Dip in ancient Roman thermal baths

In the tiny hamlet of Fordongianus is one of the best places in Sardinia for historic sightseeing. The town was founded by the Romans who, we know, loved pampering themselves in a spa. In fact, they settled here because of the local thermal springs of curative waters. And the first thing they did, was to build a large, beautiful spa.

Today we can visit the ancient spa archaeological site and dip in the waters in front of the entrance. You can also book a steam room for half an hour close to the site or a full package at Grand Hotel Terme. This is a luxury hotel equipped with a modern wellness center. Perfect for pampering wellness Sardinia holidays.

Image: Roman thermal baths in Fordongianus.

Speak Catalan in Alghero

The walled city of Alghero in the north is one of the most popular places to see in Sardinia. With the many influences from Catalan domination, Alghero is a fantastic city break in Sardinia. You will spot the Catalan style in the architecture of the old town, in the dishes and in the language.

If you have time, visit also the surroundings Anghelu Ruju ancient necropolis and Santu Perdu domus de janas (fairies’ houses).

One of the pearls of local tourism, Alghero is a must-see in your Sardinia trip.

Gape at the small horses of the Giara plateau

In Parco della Giara di Gesturi, a plateau set on top of two extinct volcanos lives a one-of-a-kind breed of horses. They are known as the Giara’s “little horses” because they are smaller than the regular breeds we know today. According to the research, apparently, they have stopped evolving. This is how they were some 10.000 years ago and this is how they are trying to preserve them.

You can’t feed them, touch them or bring any change to their habitat. They are spectacular and make a trip to this off-the-beaten-path place in Sardinia totally worth it.

Image: Horses of Parco della Giara near Tuili

Stroll around the village of bandits and street art

The walls of most houses of Orgosolo, in Barbagia, Nuoro province, are painted with political murals. The street art in Orgosolo is pretty left-wing and covers many topics. From the Italian unification to the Palestinian struggle, the major events of domestic and foreign policy found their spot on the walls of fame in Orgosolo. Definitely one of the most interesting places to visit in Sardinia.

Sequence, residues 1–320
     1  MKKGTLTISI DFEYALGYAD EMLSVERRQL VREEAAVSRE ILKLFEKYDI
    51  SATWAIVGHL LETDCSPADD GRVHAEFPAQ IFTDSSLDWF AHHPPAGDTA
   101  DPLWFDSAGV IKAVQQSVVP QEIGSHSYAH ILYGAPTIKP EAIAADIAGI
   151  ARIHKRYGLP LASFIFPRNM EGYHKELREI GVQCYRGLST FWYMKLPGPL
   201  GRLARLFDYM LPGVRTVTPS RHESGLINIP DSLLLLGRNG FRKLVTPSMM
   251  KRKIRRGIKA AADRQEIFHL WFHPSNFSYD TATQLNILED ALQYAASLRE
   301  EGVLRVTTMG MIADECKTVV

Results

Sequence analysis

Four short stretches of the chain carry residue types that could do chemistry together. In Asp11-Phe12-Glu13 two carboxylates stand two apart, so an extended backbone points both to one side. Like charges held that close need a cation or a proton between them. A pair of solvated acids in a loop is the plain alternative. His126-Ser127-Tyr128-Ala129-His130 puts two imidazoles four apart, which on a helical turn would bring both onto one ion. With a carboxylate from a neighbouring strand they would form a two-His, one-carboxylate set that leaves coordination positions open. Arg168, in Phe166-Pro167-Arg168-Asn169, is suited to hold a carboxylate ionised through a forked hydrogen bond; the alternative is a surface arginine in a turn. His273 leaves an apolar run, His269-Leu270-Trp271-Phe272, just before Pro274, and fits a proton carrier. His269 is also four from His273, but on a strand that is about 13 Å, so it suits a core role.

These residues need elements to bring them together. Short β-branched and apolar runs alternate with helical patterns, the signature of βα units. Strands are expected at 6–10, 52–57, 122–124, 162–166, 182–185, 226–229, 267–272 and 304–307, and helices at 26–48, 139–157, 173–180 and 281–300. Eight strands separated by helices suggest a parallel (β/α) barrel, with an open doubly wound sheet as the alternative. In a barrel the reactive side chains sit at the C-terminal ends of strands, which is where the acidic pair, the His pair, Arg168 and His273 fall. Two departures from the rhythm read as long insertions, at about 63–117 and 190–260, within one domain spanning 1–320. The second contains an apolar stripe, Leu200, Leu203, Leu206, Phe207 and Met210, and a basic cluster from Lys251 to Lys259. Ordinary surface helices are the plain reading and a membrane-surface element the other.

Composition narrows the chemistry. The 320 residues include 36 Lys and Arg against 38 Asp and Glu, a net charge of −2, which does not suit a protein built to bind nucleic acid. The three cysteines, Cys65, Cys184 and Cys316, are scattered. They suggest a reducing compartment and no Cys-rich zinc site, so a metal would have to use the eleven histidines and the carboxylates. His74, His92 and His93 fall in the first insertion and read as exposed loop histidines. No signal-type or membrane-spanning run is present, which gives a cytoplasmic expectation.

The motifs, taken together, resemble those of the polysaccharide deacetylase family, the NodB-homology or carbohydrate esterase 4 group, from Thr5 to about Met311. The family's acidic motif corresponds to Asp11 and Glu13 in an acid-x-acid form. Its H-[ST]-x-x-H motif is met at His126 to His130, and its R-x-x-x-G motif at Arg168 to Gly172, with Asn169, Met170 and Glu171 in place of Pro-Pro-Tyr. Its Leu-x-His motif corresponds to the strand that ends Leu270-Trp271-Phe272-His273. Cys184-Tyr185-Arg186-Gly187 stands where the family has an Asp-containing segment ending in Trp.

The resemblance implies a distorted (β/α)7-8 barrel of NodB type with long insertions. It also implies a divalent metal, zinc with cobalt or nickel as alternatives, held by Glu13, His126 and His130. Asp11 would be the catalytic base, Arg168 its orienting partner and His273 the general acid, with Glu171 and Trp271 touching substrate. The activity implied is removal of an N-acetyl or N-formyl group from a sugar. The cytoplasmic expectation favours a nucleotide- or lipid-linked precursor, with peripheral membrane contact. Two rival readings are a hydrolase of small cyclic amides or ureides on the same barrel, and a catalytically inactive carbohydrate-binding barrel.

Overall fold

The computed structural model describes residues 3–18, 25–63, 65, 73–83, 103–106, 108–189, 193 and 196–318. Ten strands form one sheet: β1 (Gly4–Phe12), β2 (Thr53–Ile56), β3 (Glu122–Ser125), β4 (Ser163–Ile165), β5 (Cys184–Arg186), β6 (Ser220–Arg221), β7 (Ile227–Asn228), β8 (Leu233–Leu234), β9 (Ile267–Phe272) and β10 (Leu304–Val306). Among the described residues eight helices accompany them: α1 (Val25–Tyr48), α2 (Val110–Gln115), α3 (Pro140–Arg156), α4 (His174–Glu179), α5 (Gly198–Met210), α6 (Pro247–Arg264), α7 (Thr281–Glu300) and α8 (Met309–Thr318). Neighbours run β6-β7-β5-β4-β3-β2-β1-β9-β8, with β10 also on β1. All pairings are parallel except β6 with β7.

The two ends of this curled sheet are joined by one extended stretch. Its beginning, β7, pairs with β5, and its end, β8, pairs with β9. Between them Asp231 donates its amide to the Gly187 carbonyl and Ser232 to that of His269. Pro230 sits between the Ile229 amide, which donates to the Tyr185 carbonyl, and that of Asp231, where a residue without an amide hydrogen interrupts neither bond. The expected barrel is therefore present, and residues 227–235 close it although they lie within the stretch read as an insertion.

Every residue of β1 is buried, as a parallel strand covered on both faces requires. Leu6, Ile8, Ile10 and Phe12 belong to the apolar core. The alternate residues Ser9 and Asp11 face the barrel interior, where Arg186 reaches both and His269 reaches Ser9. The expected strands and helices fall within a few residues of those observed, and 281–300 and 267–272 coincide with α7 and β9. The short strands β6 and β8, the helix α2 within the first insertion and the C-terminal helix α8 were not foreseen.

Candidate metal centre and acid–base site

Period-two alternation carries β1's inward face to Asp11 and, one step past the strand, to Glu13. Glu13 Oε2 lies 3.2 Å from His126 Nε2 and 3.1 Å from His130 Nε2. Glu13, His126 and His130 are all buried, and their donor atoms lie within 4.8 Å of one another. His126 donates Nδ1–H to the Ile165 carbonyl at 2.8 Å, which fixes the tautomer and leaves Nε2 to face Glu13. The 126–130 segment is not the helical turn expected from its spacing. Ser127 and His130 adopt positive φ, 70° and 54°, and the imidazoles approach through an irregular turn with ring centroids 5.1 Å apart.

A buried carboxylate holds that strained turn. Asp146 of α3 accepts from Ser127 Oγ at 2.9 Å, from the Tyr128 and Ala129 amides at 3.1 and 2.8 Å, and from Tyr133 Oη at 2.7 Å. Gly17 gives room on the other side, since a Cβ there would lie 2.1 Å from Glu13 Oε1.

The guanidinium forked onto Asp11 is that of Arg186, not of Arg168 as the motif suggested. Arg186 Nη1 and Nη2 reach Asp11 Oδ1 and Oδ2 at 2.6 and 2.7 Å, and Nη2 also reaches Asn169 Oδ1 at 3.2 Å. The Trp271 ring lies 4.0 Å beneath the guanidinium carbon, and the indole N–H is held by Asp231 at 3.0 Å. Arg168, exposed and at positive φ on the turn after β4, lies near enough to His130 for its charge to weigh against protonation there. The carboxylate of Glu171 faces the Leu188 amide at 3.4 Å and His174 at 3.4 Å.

Admire Sardinia’s street art

The most famous street art in Sardinia might be the one in Orgosolo, but it’s far from being the only one. You can see many murals exploring the towns and cities of Sardinia. Some of the most beautiful street art in Sardinia is in the town of Tinnura in Oristano province, but you will see some great ones also in San Sperate, in the tiny village of Boroneddu, in Riola, and in Sedilo, also in the province of Oristano.

Image: Seeing Boroneddu street art is one of the things to do in Sardinia.

Go down Italy’s deepest canyon

It’s in the Barbagia region, close to Dorgali, Orgosolo and Urzulei. Tours open when the weather allows, I suggest hiking Su Gorropu in spring when the temperature in Sardinia is ideal. And possibly when it’s not raining.

The descent to one of Europe’s deepest canyons is an adventure. For me, it was even harder than climbing back up. There is more than one trail, each with a different difficulty level. If you are an experienced hiker, you won’t have problems. If you are out of training, you might pick the easier routes. Whichever you choose, going down Su Gorropu gorge is one of the coolest Sardinia activities.

Track the Knights Templar in Sardinia

From Santu Lussurgiu to Dorgali, there are many places in Sardinia reminiscent of the Knights Templar presence. After this religious chivalry order was banned and its members persecuted, many tried to hide wherever they could. Some arrived in Sardinia, where they started to establish hospitals.

Tracking the Order of Hospitallers, a branch of the Knights of Malta, is definitely one of the coolest things to do in Sardinia. Especially for history lovers.

Close to Santu Lussurgiu, Oristano province, visit the Templar church of San Leonardo. While in Dorgali, see the ruins of one of their hospitals right in the city center.

Image: San Leonardo church in Sardinia.

Attend Sardinia’s most reckless horse race